The worst areas for mines are the Provinces in the south and east bordering Pakistan, and in the west bordering Iran. Mines were used here in an attempt to hamper mujaheddin movements near these borders, and for the protection of strategic positions and towns.
Strategic and Tactical Use
Mines have been used extensively around many of the major cities in Afghanistan. The regional capitals of Kandahar (south), Jalalabad (east), and Herat (west) were all extremely heavily mined, with bands of defensive minefields around the cities. Extensive mining also took place inside the cities of Kandahar and Herat. For example, in Herat, the huge barrier minefields laid by the Soviets - which ran through the western part of the city - were laid to defend against mujaheddin insurgencies from close to the Iranian border.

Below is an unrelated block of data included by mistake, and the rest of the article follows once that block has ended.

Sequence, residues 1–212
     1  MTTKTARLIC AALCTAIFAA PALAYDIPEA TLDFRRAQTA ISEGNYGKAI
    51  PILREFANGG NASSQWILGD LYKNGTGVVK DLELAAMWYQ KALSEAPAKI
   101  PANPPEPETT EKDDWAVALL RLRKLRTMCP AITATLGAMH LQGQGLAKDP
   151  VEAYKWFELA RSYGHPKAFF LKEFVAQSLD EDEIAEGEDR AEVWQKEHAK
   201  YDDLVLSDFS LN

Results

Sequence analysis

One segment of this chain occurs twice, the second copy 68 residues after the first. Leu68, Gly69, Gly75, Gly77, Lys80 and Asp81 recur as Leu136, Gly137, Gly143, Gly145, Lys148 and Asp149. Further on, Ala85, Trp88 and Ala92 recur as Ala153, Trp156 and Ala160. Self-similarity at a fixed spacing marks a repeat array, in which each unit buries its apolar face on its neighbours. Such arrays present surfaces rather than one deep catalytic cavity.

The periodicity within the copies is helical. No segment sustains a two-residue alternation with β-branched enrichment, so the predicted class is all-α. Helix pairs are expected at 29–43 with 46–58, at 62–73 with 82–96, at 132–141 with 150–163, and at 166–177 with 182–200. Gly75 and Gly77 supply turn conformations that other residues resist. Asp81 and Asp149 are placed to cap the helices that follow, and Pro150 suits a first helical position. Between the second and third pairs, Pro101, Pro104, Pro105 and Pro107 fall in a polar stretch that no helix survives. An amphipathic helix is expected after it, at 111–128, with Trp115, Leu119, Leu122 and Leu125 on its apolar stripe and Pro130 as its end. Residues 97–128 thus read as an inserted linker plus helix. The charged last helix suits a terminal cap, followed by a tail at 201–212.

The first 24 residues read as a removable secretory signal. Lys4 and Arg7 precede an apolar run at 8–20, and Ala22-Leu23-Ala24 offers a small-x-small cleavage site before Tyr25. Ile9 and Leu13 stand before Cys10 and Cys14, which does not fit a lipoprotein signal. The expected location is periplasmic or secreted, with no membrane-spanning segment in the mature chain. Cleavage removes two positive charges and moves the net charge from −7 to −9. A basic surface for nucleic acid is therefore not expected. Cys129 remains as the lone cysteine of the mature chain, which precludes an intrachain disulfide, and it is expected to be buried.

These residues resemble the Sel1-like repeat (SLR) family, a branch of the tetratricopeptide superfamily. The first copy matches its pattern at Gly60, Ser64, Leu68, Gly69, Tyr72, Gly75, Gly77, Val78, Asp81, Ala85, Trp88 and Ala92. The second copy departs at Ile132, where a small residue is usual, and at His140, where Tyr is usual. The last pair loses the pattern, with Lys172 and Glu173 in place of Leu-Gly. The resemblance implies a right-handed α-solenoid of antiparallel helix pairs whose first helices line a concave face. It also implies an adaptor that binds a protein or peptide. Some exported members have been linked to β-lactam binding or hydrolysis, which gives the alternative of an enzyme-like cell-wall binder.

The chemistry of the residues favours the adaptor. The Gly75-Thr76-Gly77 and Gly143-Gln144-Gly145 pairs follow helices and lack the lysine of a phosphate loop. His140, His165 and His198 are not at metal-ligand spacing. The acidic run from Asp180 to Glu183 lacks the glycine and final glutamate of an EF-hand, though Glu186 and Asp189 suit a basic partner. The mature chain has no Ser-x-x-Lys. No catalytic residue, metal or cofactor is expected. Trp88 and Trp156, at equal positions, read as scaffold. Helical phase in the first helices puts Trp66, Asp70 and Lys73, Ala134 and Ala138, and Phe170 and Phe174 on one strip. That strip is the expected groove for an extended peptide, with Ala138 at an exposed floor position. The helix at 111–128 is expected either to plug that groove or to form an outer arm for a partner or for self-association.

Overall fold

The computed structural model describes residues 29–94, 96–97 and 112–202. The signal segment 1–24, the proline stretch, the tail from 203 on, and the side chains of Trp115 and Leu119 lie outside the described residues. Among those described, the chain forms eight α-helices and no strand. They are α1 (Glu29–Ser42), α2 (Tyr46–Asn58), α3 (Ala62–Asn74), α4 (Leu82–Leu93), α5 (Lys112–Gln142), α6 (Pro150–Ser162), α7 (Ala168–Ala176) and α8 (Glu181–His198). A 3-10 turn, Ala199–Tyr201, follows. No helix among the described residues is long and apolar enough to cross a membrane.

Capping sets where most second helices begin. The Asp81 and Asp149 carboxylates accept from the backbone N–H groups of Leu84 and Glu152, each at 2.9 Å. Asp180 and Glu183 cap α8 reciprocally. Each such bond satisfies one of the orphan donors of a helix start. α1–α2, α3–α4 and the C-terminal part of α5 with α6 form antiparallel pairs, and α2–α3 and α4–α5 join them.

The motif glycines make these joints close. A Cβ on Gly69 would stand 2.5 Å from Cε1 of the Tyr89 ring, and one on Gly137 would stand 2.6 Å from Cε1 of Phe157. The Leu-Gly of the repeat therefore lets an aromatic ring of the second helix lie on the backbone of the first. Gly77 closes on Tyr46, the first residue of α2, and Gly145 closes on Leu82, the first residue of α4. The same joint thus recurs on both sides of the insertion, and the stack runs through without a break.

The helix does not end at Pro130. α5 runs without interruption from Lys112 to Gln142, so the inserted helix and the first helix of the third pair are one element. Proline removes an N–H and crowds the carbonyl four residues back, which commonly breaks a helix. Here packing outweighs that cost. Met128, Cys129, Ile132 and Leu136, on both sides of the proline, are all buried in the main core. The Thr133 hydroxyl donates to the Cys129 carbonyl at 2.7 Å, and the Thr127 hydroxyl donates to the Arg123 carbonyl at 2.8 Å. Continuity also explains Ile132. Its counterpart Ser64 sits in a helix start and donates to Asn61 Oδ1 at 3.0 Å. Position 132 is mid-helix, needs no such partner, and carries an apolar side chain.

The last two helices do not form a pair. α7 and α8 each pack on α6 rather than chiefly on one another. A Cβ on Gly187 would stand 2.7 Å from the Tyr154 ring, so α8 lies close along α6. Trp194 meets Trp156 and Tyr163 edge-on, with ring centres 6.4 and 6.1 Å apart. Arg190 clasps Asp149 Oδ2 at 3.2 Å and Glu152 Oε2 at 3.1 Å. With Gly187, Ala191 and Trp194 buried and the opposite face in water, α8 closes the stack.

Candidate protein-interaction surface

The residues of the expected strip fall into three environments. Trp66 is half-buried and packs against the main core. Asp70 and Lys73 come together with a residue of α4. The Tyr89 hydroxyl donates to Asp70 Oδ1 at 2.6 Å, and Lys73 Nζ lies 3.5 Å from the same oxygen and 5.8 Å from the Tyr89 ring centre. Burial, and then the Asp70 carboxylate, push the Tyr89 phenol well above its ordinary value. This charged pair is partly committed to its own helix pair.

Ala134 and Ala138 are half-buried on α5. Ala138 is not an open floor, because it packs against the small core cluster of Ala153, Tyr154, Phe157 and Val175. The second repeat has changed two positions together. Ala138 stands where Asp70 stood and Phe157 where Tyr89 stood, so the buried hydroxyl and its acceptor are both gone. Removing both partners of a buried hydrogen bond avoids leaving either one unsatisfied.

The verges of important roads in and out of the cities were mined, and mines were used to protect strategic supply routes, such as the road from Pakistan to Kabul, and other major arterial roads. The lines of red warning rocks demarcating minefields, which run along the sides of roads, are a common sight while driving in Afghanistan.
The mountains around urban centers were mined to prevent opposition forces from gaining control of strategic high-ground around the cities. Hilltops around cities provide the perfect gallery from which to look down on to a city, while selecting sniping, rocketing, and mortar targets.
Soviet and Afghan Government forces used numerous outlying military posts to control localities. Mines were used to protect these posts from mujaheddin attack. For example, the village of Khalchi in Chimtala (north of Kabul), is heavily mined. An oil pipeline supplying a nearby Soviet base was destroyed by mujaheddin fighters in the early 1980s; after repairing the pipeline the Soviets built a military post in the village to defend their oil supply. The Soviets mined heavily around the military post. Over a decade later the mines are still there, and civilians returning to their village are now targeted by mines originally laid to protect against mujaheddin attack.